I have fly fished saltwater for over 20 years - Snook, Reds, Tarpon and Jacks in Florida - Striped Bass on Cape Cod.
It was the Stripers over a decade ago that started me building fly rods to deal with the challenges of the various venues - deep wading, calm beaches, out front on rough
east-facing beaches and bay and ocean boat fishing.  All this in various wind conditions.
To be able to fish in all these conditions - all of the time - it was advantageous to have multiple fly rods of both the single-hand and the two-hand variety.

Like most builders I built on whatever I could get my hands on.  Then Andy Dear, one of my blank suppliers, sent me a blank made in New Zealand by a company called "Composite Tube Systems" - "CTS" (
I soon became convinced that CTS' blanks were far superior to the others.

The fact that, for an engineering fee, CTS will "roll-and-bake" a blank to a customer's specifications was also a meaningful advantage.  But, putting that aside, their stock blanks produced rods that were lighter-in-the-hand than most factory rods of lesser line weight classification without compromising durability.

Since then I have given-up building on other manufacturer's blanks.  Over the years the CTS product has improved in all regards - materials, tapers, straightness, durability, ferrule strength, recovery, liveliness and finish. 
But one of the most glaring characteristics of their blanks is still their uncanny ability to feel "lighter-in-the-hand" than rods built on other blanks. 

To maximize the CTS light-in-the-hand advantage it is essential that the builder use the lightest components available - especially in the tip section(s).  That is why I frequently use "REC - Component" recoil single-foot or snake running guides and tip-tops.  These components are manufactured from a titanium-nickel alloy which, besides being extremely light in weight, remain corrosion and discoloration free after exposure to salt water.  
As an alternative, for blanks suitable for greater line weights, I use Snakebrand Universal snake guides.  Many use them right out of the box.  But I like to prep the ends of the feet to a needle sharp point for easier, neater wrapping.  Of course one is removing the chrome from the stainless steel wire and are exposing yourself to possible discoloration.  But on the tip section of a fly rod I feel it is necessary to do that.  I find that the Snakebrand guides feel slicker, and perhaps shoot fly line better, than the lighter REC's.  Not a perfect world.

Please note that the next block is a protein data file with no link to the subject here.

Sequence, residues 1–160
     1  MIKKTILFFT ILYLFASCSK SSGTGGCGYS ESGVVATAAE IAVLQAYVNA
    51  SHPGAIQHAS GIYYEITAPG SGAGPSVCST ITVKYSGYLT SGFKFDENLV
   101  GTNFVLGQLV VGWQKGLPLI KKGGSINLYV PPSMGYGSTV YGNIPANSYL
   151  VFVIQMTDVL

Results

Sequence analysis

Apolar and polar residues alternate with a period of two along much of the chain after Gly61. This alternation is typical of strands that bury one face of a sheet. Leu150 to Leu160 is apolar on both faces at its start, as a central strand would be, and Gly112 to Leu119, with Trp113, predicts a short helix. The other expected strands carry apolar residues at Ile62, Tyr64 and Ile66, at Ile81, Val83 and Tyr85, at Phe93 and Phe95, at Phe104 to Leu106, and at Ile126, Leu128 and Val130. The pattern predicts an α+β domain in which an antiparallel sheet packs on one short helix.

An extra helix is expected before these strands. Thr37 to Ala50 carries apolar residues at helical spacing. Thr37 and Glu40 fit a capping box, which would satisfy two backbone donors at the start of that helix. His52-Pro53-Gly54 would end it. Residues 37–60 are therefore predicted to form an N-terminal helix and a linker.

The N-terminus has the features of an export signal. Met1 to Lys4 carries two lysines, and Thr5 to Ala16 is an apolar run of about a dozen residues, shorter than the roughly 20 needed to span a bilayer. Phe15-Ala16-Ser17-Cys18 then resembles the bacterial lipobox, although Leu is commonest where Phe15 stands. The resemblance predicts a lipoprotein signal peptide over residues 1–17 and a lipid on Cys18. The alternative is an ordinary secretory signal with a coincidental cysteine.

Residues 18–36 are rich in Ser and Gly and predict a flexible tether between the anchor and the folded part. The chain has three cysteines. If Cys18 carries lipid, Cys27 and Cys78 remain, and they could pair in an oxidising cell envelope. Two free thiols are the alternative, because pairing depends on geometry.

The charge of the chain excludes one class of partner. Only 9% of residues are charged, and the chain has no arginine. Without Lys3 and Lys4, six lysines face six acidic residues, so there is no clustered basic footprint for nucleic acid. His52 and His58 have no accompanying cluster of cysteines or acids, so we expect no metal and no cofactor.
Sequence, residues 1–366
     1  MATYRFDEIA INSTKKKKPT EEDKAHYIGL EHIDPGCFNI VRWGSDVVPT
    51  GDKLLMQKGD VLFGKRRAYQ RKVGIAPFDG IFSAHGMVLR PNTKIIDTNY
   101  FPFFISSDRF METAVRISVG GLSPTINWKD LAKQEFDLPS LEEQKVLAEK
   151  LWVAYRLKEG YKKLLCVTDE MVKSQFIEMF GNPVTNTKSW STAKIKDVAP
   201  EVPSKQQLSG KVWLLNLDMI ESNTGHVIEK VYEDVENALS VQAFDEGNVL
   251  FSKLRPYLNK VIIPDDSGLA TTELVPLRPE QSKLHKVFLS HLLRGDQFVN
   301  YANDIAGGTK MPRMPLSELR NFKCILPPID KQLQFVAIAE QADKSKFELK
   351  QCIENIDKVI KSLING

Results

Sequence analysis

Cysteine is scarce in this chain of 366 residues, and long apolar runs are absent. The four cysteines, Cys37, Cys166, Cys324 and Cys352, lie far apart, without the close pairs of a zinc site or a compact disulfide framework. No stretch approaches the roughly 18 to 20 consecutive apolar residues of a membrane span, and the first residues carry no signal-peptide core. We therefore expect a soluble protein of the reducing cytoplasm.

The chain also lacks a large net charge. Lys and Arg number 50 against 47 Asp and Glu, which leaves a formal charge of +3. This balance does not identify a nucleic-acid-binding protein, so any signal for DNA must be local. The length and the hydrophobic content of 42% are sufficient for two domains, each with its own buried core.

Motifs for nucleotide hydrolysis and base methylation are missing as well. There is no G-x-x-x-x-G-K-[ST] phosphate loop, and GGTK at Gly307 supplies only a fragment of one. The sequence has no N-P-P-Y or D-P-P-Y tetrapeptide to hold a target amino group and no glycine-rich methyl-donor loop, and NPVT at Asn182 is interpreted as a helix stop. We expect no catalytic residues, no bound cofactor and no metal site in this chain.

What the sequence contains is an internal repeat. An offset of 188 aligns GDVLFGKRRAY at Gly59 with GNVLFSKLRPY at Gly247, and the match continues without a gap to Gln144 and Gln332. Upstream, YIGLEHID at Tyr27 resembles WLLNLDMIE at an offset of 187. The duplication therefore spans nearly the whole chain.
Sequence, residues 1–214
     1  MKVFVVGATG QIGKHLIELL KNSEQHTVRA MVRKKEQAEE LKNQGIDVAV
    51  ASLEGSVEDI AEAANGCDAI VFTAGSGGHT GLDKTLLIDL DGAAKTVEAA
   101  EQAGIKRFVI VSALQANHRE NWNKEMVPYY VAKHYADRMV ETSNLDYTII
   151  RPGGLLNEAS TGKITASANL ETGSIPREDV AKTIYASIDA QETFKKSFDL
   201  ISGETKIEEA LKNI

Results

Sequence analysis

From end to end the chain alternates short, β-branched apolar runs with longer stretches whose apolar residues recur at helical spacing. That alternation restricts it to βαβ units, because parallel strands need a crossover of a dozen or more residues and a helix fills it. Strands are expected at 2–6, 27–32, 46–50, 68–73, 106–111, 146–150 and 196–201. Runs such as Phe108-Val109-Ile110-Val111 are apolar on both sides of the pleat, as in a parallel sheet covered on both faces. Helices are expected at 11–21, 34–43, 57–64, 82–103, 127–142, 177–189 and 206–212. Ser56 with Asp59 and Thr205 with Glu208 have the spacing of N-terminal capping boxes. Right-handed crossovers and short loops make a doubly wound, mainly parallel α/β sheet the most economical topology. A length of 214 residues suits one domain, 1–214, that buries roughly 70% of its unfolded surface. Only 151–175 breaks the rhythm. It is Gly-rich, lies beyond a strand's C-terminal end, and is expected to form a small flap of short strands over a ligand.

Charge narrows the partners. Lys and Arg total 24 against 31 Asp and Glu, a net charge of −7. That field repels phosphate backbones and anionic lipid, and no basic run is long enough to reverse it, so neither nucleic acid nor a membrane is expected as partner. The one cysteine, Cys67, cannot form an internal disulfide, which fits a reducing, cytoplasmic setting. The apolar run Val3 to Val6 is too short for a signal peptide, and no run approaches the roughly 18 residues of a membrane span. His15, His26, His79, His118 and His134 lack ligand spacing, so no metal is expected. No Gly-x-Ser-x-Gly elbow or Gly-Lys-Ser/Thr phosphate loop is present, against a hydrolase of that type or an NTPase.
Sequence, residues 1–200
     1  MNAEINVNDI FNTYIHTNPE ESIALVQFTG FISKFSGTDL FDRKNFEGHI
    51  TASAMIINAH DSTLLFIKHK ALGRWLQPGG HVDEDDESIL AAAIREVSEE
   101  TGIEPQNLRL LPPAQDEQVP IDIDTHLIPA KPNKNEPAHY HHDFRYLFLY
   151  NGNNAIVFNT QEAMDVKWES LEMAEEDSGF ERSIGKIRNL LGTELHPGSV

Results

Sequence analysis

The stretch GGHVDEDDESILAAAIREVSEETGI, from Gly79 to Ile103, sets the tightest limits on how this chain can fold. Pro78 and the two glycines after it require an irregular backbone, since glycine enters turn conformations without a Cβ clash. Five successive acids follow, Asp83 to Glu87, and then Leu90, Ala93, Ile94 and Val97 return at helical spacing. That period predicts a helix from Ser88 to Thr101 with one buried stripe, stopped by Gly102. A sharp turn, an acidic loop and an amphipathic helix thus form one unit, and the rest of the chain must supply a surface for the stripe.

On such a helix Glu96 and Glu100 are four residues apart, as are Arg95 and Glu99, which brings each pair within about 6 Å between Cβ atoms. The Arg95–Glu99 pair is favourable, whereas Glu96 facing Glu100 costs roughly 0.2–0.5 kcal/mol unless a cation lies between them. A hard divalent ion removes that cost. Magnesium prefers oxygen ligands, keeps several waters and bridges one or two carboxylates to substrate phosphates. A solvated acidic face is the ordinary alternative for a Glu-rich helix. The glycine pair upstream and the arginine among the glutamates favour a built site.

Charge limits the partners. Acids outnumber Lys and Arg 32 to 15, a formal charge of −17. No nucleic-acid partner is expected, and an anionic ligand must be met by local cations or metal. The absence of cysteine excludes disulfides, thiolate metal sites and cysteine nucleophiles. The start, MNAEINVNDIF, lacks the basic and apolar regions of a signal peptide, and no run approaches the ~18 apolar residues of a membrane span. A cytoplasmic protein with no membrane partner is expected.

"Moment of inertia" is the reason that builders should keep their blank's tip section as light as possible.  Inertia causes a heavy tip section to resist recovery in both the back-cast and the forward cast.  This is the same effect a caster would get by overlining the rod but without the advantages that overlining provides.  The heavy-tipped rod will feel as though it is easier to load - just like overlining does - but performance will suffer as the blank's power is sapped.

Arguably the most popular rod used in the N.E striper fishery is the Vapor Trail.  Some will say that it eclipses all other rods with it's casting distance capabilities.  The blank has recently (2014-2015) been re-designed to include a stiffer butt section for more power. Most popular is the 11'0" one-piece model.  But reportedly the 12'0", two-piece model will get you more distance.  To keep the ferrules from twisting when using a very powerful two-piece rod you have to be careful to have the rod tip travel in a straight line path. If your tip travels in an arch the uneven load will twist the ferrules such that the sections will not line-up and you run the risk of loosening the ferrules.

To round out the surf blanks there are the powerful S7 and S8.  The S7 is very popular in the Carolina's for huge red drum - redfish for you southern guys. 

I will leave this for you to explore the  site. 

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Be safe fishing,

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